Fluoroalkyl-α-fluoroacrylate (100 parts by weight), which is listed in Table 1 as monomer (d), 0.01 part by weight of azobisisobutyronitrile and 0.05 parts by weight of n-dodecylmercaptan were subjected to block polymerization at 60°-70° C. for 3 hours to obtain a polymer.
The molecular weight of the polymer was measured by gel permeation chromatography at room temperature using a column assembly of "Showdex A-803, A-805 and A-806" (products of Japan Waters, Ltd.), acetonitrile as solvent and polystyrene as standard sample. All the fractions were within the range of 200,000 to 5,000,000 in molecular weight.
The fluorine-containing polymer of the invention was then checked for the following properties. Table 1 shows the results.
(1) Softening temperature (Tg)
Using a differential scanning calorimeter (Model DSC II, product of Perkin Elemer Co.), the temperature at which the polymer started to absorb heat was measured while elevating the temperature at a rate of 20° C./min.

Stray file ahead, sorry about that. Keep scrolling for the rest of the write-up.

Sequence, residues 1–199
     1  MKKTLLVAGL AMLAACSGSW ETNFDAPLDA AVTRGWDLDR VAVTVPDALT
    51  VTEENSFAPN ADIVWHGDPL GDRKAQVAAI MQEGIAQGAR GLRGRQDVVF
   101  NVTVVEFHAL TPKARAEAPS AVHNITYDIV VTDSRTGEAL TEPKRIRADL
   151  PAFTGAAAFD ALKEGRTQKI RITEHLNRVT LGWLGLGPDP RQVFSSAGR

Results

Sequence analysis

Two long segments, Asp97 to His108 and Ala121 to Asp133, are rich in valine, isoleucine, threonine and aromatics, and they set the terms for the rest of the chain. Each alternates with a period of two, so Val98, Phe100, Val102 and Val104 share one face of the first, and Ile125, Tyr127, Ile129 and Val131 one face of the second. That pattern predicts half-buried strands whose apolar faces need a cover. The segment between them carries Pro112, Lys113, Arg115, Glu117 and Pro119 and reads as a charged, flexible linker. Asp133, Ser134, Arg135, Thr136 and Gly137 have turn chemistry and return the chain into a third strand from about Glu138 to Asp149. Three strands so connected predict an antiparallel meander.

(2) Decomposition temperature (TD)
Using a differential thermobalance (Model DTG-30, product of Shimadzu Seisakusho, Ltd.), the temperature at which the polymer started to decrease in weight was measured while heating the polymer in air at a temperature elevating rate of 10° C./min.
(3) Refractive index (nD)
Measured at 25° C. with Abbe refractometer (product of Atago Kagakukiki Mfg. Co., Ltd.).
(4) Melt index (MI)
A Koka flow tester, manufactured by Shimadzu Seisakusho, Ltd., was used. The polymer was placed into a cylinder having an inside diameter of 9.5 mm, maintained at 250° C. for 5 minutes and thereafter extruded through a nozzle having a length of 8 mm and an orifice diameter of 2.1 mm under a piston load of 7 kg. The amount in gram of the polymer extruded for a period of 10 minutes was measured as MI.